As the magnitude of the filter capacitor increases, the peak current through the diodes must increase to replace the charge in less time. Therefore it is not always best to choose the largest value of C1 available. In a dc power supply, you can rely on the stages following the FFWR to significantly improve the voltage regulation.

1.3 The Shunt Regulator

     A shunt regulator may be placed between the filtered full wave rectifier and the load resistance (impedance). Its purpose is to minimize the variation in the voltage across the load, as either the input voltage or the output resistance changes.

    Figure 4. Filtered FWR and shunt regulator

    This regulator is called a shunt because it provides an additional path for current to flow, so that some current can bypass the load. The shunt regulator consists of a zener diode and a resistor. The zener diode has a nearly constant voltage drop when used in reverse bias. The resistor is chosen to maintain the zener in its proper working region, where it can provide regulation and not exceed a maximum power limit.

     A simple model for the zener diode is a dc supply (battery) with a value of Vzo, where Vzo is the effective zener voltage, , Vz is the rated breakdown voltage, and Rz is

    the effective resistance of the zener, given by the inverse of the slope of the IV curve in the working region.

    Figure 5. Filtered FWR and shunt regulator with the zener diode replaced with its circuit model

    In the zeners working region, Rz is small (0.1 to 50 ohm ). For voltages less than the knee voltage, Rz is very high, and for purposes of hand calculations can be considered to be an open circuit.

    Figure 6. Current-voltage characteristic of a zener diode

    You can show for the circuit above that

    where IL is the current through the load. The 1st term in this equation is constant since it depends only on the diode zener voltage and two resistances. The 2nd and 3rd terms depend on

    the input voltage and load current, both of which may change with time. These terms must be minimized for quality regulation.

Input Sensitivity and Load Sensitivity

     Assume the input to the shunt regulator is Vdc +/- Vripple. For Vin = Vin(max) = Vdc + Vripple, additional current is available from the source. To keep Vo = IL RL constant, some of that current must be shunted through the zener diode. As long as Iz < Iz(max), as defined by the maximum power dissipation for the zener, the circuit will safely regulate. Choose R to prevent the zener from exceeding its maximum current limit.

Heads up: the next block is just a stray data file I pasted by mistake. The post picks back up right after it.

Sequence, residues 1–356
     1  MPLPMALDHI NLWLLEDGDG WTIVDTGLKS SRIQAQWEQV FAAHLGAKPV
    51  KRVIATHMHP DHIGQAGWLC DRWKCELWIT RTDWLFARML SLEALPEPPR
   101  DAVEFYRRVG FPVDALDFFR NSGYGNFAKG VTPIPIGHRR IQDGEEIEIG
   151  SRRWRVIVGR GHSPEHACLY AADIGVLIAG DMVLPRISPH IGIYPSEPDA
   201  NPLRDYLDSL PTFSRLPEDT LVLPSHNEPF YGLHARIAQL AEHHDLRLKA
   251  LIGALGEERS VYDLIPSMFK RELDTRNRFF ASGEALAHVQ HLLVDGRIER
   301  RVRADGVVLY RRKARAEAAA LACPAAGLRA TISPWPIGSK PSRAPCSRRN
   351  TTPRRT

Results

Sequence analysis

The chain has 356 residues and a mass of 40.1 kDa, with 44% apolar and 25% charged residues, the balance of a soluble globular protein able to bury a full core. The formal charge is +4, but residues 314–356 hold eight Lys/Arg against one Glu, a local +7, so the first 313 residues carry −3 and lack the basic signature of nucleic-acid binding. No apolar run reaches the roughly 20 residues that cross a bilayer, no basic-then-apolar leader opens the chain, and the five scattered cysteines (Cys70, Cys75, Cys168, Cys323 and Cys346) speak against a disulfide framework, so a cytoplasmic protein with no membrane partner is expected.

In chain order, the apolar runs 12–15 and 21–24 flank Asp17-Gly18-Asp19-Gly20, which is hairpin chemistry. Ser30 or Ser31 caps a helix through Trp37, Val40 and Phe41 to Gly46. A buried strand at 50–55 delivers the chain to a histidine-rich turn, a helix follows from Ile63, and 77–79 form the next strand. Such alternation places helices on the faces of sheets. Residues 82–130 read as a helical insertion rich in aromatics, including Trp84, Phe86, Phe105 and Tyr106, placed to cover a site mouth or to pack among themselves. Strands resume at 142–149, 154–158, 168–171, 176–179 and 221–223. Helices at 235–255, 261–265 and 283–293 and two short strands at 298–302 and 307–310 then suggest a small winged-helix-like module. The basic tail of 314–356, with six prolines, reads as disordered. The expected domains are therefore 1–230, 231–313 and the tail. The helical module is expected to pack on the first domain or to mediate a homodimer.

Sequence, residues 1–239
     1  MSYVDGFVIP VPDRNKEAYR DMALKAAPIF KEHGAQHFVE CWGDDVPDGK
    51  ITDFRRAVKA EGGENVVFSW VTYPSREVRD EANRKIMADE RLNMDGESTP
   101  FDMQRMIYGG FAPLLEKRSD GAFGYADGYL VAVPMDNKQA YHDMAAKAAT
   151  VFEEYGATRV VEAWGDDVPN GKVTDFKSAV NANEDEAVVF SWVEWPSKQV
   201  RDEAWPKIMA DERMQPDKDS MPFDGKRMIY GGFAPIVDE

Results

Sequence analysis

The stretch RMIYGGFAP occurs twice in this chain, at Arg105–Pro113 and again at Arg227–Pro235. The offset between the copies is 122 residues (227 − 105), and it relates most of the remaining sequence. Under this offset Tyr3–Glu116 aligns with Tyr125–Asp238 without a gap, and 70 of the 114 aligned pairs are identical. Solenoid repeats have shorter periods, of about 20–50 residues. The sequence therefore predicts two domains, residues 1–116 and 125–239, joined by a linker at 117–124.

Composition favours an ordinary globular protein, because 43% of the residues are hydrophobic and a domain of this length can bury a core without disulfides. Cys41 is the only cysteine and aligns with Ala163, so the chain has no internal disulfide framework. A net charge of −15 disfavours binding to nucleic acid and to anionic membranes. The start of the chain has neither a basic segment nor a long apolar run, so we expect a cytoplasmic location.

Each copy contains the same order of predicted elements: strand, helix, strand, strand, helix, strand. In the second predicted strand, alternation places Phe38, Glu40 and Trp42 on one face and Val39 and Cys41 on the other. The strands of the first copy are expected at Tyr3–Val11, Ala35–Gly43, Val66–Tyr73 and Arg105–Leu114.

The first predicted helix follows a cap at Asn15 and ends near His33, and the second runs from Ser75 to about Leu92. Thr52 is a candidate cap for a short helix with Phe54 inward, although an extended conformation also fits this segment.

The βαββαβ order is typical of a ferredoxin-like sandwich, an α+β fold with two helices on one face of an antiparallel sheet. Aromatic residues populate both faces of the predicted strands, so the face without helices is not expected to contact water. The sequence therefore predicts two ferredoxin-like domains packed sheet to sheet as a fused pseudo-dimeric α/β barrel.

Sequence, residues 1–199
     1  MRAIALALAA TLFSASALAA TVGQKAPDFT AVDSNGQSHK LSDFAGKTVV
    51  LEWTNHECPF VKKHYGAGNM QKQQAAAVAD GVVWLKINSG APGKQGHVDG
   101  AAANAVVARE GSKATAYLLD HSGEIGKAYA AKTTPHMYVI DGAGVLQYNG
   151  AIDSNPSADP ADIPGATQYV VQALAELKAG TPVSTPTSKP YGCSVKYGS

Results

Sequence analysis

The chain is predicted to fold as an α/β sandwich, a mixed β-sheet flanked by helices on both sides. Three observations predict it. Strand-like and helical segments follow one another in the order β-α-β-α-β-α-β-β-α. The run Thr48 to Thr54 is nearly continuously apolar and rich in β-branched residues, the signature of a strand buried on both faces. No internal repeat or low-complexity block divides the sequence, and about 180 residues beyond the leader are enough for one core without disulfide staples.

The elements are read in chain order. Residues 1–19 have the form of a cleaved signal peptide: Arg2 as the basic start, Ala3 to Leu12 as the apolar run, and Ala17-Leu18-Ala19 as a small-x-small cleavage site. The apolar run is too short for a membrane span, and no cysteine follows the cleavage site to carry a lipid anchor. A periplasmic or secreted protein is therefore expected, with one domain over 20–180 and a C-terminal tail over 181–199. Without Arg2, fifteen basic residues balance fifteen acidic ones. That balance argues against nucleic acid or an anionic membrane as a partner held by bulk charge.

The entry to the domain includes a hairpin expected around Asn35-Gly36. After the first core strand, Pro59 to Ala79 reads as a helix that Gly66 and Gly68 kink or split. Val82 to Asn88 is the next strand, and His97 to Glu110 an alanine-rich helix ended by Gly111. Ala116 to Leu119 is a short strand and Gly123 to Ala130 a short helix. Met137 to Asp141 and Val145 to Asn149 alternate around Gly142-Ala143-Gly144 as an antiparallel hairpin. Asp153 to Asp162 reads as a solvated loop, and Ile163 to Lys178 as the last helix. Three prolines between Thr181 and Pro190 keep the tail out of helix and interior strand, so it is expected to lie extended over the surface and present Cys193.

For Vin = Vin(min) = Vdc - Vripple, current drops. To keep Vo = IL*RL constant, the

    current through the zener diode must be reduced. To maintain regulation, Iz must not be reduced below the knee current. Choose R to maintain sufficient current through the zener:

     The shunt regulator has several major problems which prevent its common use as the sole pre-regulation stage in dc power supplies:

    o When the load is open circuit, all current is shunted through the zener diode. This

    requires an expensive, high power device.

    o The line and load regulations values are high (~ 10 % or more).

    o The energy efficiency is low.

    For an improved design, the shunt regulator is used in conjunction with a series pass element with gain, usually a transistor, between the unregulated supply and the load.

II. Project Design

    2.1 Simulation

    Part 1:

    To simulate the full wave rectifier circuit as shown in Figure 1, the following components should be used:

1. Input AC voltage (Vin): Vin is a 10 Vpeak and 60 Hz sinusoidal wave. Use VSIN with

    the setting: VOFF = 0, VAML = 10 and FREQ = 60

    2. Full wave rectifier (FWR): The full wave rectifier is constructed in the form of bridge

    rectifier using four diodes (D1N4004).

    3. Load resistor: 200 Ω and 500 Ω resistors are used to understand the effect of load resistor

    on the performance of the DC power supply.

    Simulation results required in your lab report:

    1. Output voltage for Rload = 200 Ω

    2. Output voltage for Rload = 500 Ω

    All the simulations in this project are in transient mode with run time = 35ms. On the simulation results, you should indicate the maximum output voltage (Vmax), the minimum output voltage (Vmin) and the ripple voltage Vr (Vmax Vmin).

    To simulate the filtered full wave rectifier circuit as shown in Figure 2, the filter capacitor

    is chosen from 100 uF, 470 uF and 1000 uF.

    Simulation results required in your lab report:

    1. Output voltage for Rload = 200 Ω and C1 = 100 uF

    2. Output voltage for Rload = 200 Ω and C1 = 470 uF